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Anticipation grows at possibility of Tutankhamun tomb's hidden chambers

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posted on Sep, 29 2015 @ 09:35 AM
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Some people look at a picture and just see rocks or a stone wall this guy saw something else when he looked at pictures of king tut`s tomb.



Earlier this year, Reeves published a paper in which he claimed that the tomb of Tutankhamun, an 18th-Dynasty pharaoh who died around 1323 B.C., includes two doorways that were plastered and painted over.


In Reeves’s theory, these doorways are among several clues suggesting that the tomb was originally built for another ruler—Nefertiti, the principal wife of Akhenaten, who is believed to have fathered Tutankhamun with another wife.


Reeves first began developing his theory after studying laser scans of the tomb made by Factum Arte, a high-tech team of conservators and artists who built a precise replica of the tomb in Luxor.


As part of that project, which was completed earlier this year, Factum Arte posted all of its data online, including a series of scans that show the tomb’s walls in unprecedented detail. These scans reveal clear, straight lines that lie beneath the surface of the paint and plaster, suggesting the outlines of two doorways.

Nicholas Reeves said their investigations showed the tomb's ceiling extends behind the northern and western walls. He is now almost convinced his theory suggesting the existence of two undiscovered chambers is correct.

"After our first examination of the walls we can do nothing more until we receive the all-clear from the radar device to confirm the our findings," Reeves told Ahram Online.

Eldamaty has promised that on 4 November, the same day Tutankhamun's tomb was discovered, the radar results of scans on the two walls will be announced.


The big question is if his theory is proven correct what will they do next?

I think they should break the wall down.
It seems that TuT`s tomb is actually just part of a corridor.They just stuck him in the hallway when he died.





english.ahram.org.eg...
news.nationalgeographic.com...

edit on 29-9-2015 by Tardacus because: (no reason given)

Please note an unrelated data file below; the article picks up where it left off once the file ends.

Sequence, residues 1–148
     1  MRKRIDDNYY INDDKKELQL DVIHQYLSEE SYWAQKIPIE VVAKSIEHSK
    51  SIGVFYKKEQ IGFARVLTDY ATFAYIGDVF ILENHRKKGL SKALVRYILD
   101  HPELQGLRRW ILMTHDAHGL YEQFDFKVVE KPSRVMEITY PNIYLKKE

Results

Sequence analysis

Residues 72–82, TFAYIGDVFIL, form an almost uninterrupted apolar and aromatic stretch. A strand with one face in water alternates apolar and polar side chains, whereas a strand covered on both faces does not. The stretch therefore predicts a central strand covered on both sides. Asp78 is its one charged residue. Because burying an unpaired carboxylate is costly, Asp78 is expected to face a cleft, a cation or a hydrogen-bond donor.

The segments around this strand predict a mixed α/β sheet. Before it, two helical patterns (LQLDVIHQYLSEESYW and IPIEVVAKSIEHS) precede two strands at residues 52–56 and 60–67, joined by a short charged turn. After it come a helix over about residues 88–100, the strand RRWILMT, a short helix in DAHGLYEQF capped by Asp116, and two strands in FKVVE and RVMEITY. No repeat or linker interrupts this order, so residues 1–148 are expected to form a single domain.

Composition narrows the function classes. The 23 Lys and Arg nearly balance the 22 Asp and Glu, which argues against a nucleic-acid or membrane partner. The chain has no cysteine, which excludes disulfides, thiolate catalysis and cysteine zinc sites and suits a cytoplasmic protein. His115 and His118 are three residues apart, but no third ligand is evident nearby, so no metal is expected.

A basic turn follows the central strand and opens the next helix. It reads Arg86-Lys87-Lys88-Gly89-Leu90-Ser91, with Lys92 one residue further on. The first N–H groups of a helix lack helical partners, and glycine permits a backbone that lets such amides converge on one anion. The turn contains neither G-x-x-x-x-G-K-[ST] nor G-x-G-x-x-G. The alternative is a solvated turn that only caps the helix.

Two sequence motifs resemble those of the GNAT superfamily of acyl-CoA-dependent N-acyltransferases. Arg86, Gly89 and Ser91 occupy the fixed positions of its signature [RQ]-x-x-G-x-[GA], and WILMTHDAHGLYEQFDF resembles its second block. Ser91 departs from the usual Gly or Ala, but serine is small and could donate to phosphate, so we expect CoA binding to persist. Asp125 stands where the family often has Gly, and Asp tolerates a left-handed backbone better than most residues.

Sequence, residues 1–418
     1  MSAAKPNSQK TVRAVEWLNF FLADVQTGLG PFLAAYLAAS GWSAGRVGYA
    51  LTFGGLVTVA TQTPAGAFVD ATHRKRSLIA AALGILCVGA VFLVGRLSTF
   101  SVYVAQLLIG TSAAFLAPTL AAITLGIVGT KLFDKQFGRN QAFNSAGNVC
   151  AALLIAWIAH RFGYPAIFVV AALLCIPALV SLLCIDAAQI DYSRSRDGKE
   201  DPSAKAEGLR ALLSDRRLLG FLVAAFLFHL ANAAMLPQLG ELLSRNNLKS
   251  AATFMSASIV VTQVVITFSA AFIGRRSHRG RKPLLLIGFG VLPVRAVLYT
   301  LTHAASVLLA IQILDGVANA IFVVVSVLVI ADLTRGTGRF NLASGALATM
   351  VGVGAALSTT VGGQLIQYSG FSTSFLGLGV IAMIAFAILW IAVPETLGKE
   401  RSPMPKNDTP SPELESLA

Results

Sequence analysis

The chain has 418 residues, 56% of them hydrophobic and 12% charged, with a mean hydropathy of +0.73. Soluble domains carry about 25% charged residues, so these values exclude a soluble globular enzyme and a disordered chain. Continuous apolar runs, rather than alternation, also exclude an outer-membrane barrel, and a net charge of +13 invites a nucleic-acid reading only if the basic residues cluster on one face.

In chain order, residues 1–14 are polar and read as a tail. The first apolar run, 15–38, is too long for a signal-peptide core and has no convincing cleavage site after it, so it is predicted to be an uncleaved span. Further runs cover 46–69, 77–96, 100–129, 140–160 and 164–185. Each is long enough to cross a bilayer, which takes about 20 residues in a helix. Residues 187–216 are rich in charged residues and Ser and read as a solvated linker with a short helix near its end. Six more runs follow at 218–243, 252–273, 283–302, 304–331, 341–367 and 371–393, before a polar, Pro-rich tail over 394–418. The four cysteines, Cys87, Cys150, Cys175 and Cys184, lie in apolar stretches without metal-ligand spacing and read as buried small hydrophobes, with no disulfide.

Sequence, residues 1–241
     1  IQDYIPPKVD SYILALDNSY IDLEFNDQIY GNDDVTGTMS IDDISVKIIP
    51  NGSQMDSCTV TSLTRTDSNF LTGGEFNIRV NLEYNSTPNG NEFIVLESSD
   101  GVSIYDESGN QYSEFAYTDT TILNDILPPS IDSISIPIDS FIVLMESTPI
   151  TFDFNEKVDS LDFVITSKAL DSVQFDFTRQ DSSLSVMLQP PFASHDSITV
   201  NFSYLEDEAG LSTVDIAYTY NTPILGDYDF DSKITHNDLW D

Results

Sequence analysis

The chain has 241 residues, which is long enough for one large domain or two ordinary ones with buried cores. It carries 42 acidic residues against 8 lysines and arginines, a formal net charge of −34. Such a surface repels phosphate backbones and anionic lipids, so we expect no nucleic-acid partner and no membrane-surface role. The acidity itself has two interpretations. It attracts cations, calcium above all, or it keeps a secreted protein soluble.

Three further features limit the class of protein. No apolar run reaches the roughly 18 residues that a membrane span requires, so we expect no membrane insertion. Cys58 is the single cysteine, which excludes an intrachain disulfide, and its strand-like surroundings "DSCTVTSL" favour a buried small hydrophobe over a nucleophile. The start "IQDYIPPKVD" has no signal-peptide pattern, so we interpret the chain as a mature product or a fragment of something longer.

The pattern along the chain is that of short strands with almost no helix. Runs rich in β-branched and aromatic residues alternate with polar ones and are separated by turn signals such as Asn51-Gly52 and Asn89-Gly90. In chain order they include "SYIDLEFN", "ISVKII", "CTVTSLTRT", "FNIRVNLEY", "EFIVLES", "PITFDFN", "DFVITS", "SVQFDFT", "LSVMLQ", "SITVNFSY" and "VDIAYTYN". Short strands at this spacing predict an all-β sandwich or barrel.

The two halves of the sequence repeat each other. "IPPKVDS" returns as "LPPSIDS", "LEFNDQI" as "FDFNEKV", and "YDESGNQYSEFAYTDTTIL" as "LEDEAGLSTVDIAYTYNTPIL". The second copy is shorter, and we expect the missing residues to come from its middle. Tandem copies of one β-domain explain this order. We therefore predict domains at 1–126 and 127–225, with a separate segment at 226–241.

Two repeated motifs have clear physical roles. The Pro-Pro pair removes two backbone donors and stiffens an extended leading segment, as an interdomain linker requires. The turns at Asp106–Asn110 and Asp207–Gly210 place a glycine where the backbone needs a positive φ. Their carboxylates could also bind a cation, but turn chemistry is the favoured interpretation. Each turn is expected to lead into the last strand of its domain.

posted on Sep, 29 2015 @ 09:39 AM
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a reply to: Tardacus

Is there a reason why it would take so long to get an 'all clear' (whatever that means) from whatever radar device they used?



posted on Sep, 29 2015 @ 09:47 AM
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a reply to: Tardacus

I don't know why but I immediately thought of Geraldo Rivera and Al Capone's vault.



posted on Sep, 29 2015 @ 09:49 AM
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Will this encourage the dreaded "Curse of King Tut's Tomb's Hidden Rooms"? Gulp, gish, geewhiz, gulp, and glumption.

edit on 29-9-2015 by Aleister because: (no reason given)



posted on Sep, 29 2015 @ 09:57 AM
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a reply to: Tardacus

Cool. S&f.
Another mystery figure enters the egyptology stage.
They hopefully get a yes for the radar.



posted on Sep, 29 2015 @ 11:09 AM
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a reply to: Tardacus


"After our first examination of the walls we can do nothing more until we receive the all-clear from the radar device to confirm the our findings," Reeves told Ahram Online.

Eldamaty has promised that on 4 November, the same day Tutankhamun's tomb was discovered, the radar results of scans on the two walls will be announced.

Can't wait. They've found other treasures in hidden chambers before, like boats. Ground Penetrative radar will show if theres empty spaces behind the wall or not.

Considering Tuts tomb was mostly preserved intact and all, this could be really, really… neat.

So far Tuts treasure stands at 7 tons(?) of gold, superseded by the priceless nature of all the artifacts from a bygone civilization.



posted on Sep, 29 2015 @ 11:34 AM
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Depends if the Egyptians let them break through the "doors". They have got very possessive over their archaeology lately



posted on Sep, 29 2015 @ 01:02 PM
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a reply to: Tardacus

I assume that they'll have to start with drilling and inserting small cameras if there is indeed something to look at. From there, who knows what they will do, but I assume that they'd try to preserve the portions of the walls that need removed as best they can, so it would probably be a long, slow, meticulous process to open up the rooms completely.